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Turning Inward Without Withdrawing

Since the beginning of civilization, and probably before, sages have said, “know yourself.” There is no truism more common, yet also more commonly ignored. Just what is self-knowing, and why is it essential?

IntrospectionOne often hears these days that America is turning inward. It’s almost always said in derogatory terms, with the implication that the American people are withdrawing from the world, becoming completely self-concerned, and even becoming a nation of navel gazers.

One conservative commentator and media darling even equates introspection with narcissism, and implies that keeping a journal means that one is self-centered. To make such assertions in a pathologically outwardly oriented culture like America’s is not just stupid; it’s malign.

Introspection is defined as ‘an examination or observation of one’s own mental and emotional processes. The word comes from the Latin, ‘introspectus—to look inside.’

But there’s a big difference between examination and observation. They represent two very different approaches to understanding oneself, which is the foundation for understanding others and one’s society.

Examination is often synonymous with analysis, and it entails a separate self that does the examining. And as the saying goes, analysis is paralysis. Separativeness is inherent in statements like “the more you can yank yourself away from intimacy with yourself, the more reliable your self-awareness will be.”

Who or what is doing the yanking, except the self? And what does ‘intimacy with yourself’ mean? Self-awareness has no meaning in this narrative.

Only someone who has no inner life would write such twaddle: “The self is something that can be seen more accurately from a distance than from close up;” and, “we should see ourselves as literary critics, putting each incident in the perspective of a longer life story.”

This way of thinking about the self is completely self-referential, exemplifying and encouraging the very narcissism it decries. SuchIntrospection 1 notions aren’t only redundant and ridiculous; they reflect the psychological division that is at the root of conflict, fragmentation and war.

To be self-knowing doesn’t mean placing one’s ideas and image of oneself in a “longer life narrative,” or viewing one’s self as if it was an object in the distance. These are absurd ideas, which willfully misguide people about the most crucial thing in life: self-knowing.

Observation may imply a separate self, but it need not, and that makes all the difference.  It’s possible, indeed imperative to watch what is as it arises, without judgment, analysis, or evaluation; indeed, without an observer. Such observation lets go of labels for what one is thinking and feeling, and remains with what is without comparison or any kind of ‘narrative.’ Awareness quickens and attention gathers, without effort or will.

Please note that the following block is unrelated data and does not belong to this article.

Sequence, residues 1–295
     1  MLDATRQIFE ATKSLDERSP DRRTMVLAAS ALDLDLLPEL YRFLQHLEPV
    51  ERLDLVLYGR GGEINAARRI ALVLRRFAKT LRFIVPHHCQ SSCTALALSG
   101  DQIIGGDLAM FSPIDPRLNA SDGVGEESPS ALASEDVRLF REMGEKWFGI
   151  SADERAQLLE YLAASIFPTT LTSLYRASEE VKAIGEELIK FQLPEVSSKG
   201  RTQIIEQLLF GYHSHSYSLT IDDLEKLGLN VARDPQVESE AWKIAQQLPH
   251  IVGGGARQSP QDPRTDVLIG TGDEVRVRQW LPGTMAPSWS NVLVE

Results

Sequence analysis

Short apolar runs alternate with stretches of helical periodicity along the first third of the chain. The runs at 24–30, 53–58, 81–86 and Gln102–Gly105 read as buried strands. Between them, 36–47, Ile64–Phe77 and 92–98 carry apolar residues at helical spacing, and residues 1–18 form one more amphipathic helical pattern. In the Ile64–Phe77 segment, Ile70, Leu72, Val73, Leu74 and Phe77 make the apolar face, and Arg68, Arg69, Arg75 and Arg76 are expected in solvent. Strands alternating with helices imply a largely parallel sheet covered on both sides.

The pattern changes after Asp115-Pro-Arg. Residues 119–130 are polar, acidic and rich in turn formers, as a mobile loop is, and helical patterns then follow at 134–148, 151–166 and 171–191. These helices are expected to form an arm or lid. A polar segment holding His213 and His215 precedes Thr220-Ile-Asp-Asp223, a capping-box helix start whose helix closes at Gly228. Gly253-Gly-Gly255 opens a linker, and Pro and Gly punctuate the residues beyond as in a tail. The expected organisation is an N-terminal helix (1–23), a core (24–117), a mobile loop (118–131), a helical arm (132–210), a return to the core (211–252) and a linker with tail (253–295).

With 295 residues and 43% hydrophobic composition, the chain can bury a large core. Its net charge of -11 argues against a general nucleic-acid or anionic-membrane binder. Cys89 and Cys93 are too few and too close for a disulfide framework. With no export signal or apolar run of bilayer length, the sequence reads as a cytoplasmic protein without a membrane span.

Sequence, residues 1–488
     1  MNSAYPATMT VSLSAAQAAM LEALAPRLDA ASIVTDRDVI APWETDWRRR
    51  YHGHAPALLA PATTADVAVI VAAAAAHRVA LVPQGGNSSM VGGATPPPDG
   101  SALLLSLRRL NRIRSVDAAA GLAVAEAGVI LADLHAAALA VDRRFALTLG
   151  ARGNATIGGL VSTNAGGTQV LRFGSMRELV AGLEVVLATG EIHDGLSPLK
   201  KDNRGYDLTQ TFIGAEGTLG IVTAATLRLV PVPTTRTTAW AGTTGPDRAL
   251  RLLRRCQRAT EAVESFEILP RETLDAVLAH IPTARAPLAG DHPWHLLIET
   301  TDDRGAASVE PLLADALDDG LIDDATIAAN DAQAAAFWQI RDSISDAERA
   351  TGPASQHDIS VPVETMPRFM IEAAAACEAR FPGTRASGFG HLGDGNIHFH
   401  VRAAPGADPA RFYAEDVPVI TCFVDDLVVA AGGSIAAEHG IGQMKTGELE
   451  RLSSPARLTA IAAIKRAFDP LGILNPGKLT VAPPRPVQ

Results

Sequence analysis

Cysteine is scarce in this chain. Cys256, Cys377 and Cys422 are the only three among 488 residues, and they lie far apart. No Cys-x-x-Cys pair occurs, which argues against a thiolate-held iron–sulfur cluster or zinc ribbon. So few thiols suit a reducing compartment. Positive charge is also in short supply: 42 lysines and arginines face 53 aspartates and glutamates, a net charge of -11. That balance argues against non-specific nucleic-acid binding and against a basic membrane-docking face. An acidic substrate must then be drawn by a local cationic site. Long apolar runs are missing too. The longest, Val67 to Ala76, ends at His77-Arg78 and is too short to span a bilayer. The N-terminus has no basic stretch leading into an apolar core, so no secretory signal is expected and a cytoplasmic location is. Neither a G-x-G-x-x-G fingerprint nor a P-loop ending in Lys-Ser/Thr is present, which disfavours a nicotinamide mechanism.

In this process of undivided observation, preferably in the mirror of nature, the mind and heart unfold and tell their story without interpretation by the illusory separate self. The division between conscious and unconscious mind drops away. Insight, understanding, freedom and renewal naturally ensue. Without interference and interpretation, hurts and even traumas are released, and one becomes whole again.

This is the true meaning of meditative self-knowing, and it isn’t introspective, much less narcissistic. It does not uphold the separate self and indulge in the futile effort to make the ‘me’ healthy, and it does not project its darkness onto others under the guise of giving helpful advice.

Rather, it ends the center and the separate self, at least for a precious few minutes in meditation each day. After all, there is no center in the universe; why should there be in us?

Immanuel Kant said, “We can never, even by the strictest examination, get completely behind the secret springs of action.” But who or what is trying to get behind our motivations and impulses? It is the same movement of thought and self, which divides itself off from itself in an infinite regress.

So Kant put it wrongly; it isn’t a question of “getting behind the secret springs of action,” but of passively observing the movement of thoughts and emotions as they arise in the moment.

Undivided observation gathers unseen into an intensity of undirected attention that sweeps the mind and heart clean of the detritus of experience and useless memory. It isn’t a matter of withdrawing from society but of regularly taking some time for solitude, the most important thing in our hyper-connected society.

Introspection 2Our crumbling institutions provided a patina of civilization since the so-called Enlightenment. But now the long-neglected work of self-knowing is the only thing that can save us.

Consciousness, as we generally know it, is the past, tradition and memory. I read a quote recently that has stayed with me: “Freedom is not from society but from idea.

So beware of mediocrities and celebrity darlings that talk about “a new standard of excellence.” They fool others and feign humility, while denying excellence and trying to destroy it.

Increasingly, without negation in meditation, there is nothing but darkness. But the mind-as-thought can spontaneously fall completely quiet in observer-less attention. Then the energy of the universe, which is the only true sacredness, flows through one to the extent of one’s present capacity.

It begins with an understanding of the meaning of self-awareness and self-knowing however, which have nothing to do with narratives and time, much less drivel like “thinking of yourself in the third person.”

Martin LeFevre

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